The idea that a group of public servants can specify the myriad requirements of users, years in advance, is nothing short of arrogance. Yet, New Zealand is awash with very smart developers that deliver solutions to businesses of all sizes, day in and day out. Unlike massive projects like Novopay or JBMS, those systems actually work, in a way that no public sector IT system has ever done.
The rationale for JBMS was never very clear. At one stage, it was trumpeted as making it easier for businesses to register with the bureaucracies, a step that every business must undertake exactly once in its lifetime. The need for a ‘single window’ arose from the decision to keep two separate agencies working on border control, contrary to what every commission of inquiry convened on that topic over the years recommended. A single border control agency is the norm in comparable countries. It soon became apparent that the real purpose of the exercise was to upgrade the control systems of both agencies, while keeping two chief executives and their coteries of deputies.
Customs already records details of every transaction in a modern relational database. That provides the mechanism for the collection of statistics and the management of the revenue collection functions. The same data can also be used for intelligence purposes. There is no discernible need to create a new mega system to improve intelligence gathering. If the data being collected is not sufficient, new fields need to be mandated. Customs officers need to receive better training on how to query their databases and produce better analytics. If the tools that they have at their disposal are not good enough, then any of the many local software developers can provide them with query/reporting tools by lunch-time, at a fraction of the IBM costs.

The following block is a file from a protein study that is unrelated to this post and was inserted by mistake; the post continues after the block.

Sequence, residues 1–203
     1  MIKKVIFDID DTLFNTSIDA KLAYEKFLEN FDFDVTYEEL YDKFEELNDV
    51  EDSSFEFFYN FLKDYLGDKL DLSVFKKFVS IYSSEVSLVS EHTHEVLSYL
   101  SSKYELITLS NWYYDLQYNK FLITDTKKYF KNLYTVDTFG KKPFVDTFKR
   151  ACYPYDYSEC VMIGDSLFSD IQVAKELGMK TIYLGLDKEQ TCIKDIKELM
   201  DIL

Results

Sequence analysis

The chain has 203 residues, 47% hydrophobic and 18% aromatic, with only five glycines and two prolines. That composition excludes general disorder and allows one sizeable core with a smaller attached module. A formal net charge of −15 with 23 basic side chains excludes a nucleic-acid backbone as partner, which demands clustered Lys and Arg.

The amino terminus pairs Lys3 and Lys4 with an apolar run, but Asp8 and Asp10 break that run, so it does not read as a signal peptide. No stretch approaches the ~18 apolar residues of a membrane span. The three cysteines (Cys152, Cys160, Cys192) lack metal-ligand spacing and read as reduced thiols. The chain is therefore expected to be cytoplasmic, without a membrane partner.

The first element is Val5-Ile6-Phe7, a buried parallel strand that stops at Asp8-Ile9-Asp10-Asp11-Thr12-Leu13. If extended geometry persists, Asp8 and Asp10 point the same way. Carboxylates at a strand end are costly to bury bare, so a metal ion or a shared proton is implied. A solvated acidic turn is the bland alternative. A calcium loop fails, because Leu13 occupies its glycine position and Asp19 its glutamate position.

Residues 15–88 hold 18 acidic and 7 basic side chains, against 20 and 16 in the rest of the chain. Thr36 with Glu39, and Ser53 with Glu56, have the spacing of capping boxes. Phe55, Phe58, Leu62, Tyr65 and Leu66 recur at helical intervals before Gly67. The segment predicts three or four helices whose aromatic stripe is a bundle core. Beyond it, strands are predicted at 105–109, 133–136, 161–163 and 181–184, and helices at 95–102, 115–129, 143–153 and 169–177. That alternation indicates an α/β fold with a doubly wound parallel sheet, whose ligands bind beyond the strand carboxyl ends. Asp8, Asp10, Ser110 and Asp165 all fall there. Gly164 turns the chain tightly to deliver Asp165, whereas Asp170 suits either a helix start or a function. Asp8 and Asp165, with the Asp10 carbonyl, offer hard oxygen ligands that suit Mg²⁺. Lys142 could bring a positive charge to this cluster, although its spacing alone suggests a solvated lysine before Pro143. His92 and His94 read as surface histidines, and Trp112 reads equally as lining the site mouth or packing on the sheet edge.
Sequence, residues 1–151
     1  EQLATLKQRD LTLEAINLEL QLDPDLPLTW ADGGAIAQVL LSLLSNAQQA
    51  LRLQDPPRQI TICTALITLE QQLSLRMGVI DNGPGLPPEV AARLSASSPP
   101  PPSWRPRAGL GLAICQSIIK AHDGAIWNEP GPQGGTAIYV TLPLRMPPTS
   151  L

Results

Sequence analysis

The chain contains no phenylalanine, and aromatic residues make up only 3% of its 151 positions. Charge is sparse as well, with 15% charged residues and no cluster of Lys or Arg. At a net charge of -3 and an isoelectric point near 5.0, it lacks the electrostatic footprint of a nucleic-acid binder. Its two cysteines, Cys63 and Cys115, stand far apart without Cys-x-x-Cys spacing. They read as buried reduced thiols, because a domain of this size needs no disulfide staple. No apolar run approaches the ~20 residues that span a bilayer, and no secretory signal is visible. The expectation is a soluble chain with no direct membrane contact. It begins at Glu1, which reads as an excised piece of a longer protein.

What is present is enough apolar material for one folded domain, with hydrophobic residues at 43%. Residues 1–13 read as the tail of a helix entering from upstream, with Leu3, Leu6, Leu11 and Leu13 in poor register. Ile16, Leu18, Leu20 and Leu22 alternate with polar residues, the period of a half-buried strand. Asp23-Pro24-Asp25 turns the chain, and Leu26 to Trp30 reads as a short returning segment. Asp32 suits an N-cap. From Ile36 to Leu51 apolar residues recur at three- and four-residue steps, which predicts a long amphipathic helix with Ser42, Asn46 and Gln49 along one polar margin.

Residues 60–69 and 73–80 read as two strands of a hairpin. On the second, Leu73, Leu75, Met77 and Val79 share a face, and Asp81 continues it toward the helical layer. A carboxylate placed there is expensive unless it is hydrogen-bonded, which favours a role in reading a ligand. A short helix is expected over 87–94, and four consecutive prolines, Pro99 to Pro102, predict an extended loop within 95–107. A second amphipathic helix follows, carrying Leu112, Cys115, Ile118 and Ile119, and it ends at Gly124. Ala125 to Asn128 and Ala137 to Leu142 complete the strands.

Does such an approach work? It does. According to Matt Ridley, British minister for the Cabinet Office Francis Maude
began by centralising controls so that he had to sign off any IT contracts of more than one million pounds (now raised to five million), then built up an in-house capability to offer cheaper and better design, and opened procurement to smaller companies. Government contracts with outside IT suppliers are now shorter and smaller. Some of the savings on offer were so vast that civil servants refused to believe them. In one case, 98.5 per cent of the cost of an existing contract was saved by letting a contract to a small British business rather than an incumbent multinational IT firm, and it worked better.
Internal Affairs Minister Peter Dunne represented New Zealand at the inaugural meeting of the D5 Digital Leaders’ Summit in London in December 2014. The D5 is a grouping of five nations – United Kingdom, New Zealand, South Korea, Estonia and Israel – considered amongst the most advanced in the provision of on-line government services. Its establishment was a British government initiative. We hope that Mr Dunne learned something at that meeting.
Daniel Silva is the head of the Importers Institute, an informal national association of New Zealand importing companies keeping members informed on topical issues of interest, and representing importers’ interests before policy makers and the public.